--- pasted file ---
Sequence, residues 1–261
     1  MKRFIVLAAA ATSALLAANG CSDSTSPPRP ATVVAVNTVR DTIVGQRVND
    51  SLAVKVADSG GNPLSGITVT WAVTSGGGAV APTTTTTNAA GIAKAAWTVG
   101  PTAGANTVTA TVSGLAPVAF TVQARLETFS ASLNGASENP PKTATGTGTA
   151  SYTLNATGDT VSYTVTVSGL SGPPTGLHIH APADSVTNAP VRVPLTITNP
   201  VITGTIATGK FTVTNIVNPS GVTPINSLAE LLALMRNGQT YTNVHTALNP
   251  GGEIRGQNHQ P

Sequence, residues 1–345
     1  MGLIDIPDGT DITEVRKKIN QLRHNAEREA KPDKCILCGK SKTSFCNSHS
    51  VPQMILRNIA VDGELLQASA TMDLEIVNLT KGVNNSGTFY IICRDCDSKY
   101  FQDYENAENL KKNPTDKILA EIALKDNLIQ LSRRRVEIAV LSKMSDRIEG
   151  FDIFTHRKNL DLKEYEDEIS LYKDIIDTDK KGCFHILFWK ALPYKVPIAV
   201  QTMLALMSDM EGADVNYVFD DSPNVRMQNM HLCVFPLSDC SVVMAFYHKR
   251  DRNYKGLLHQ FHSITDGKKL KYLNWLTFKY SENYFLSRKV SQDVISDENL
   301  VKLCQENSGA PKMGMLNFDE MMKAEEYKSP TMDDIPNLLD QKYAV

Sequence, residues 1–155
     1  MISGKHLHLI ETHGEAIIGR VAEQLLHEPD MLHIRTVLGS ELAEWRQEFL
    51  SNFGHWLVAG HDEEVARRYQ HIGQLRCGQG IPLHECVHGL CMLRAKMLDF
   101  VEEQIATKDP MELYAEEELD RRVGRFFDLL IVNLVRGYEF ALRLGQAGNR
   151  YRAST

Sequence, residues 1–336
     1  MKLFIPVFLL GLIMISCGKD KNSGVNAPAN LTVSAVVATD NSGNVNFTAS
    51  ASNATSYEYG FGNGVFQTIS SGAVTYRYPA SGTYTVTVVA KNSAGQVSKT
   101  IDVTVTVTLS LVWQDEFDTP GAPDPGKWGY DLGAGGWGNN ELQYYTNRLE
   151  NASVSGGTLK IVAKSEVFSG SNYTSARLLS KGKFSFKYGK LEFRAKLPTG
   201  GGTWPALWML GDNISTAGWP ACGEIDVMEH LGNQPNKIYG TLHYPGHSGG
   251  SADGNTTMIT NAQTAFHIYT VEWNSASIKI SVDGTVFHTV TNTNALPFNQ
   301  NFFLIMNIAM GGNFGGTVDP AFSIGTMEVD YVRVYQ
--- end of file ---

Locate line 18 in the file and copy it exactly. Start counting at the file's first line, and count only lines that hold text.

    51  SNFGHWLVAG HDEEVARRYQ HIGQLRCGQG IPLHECVHGL CMLRAKMLDF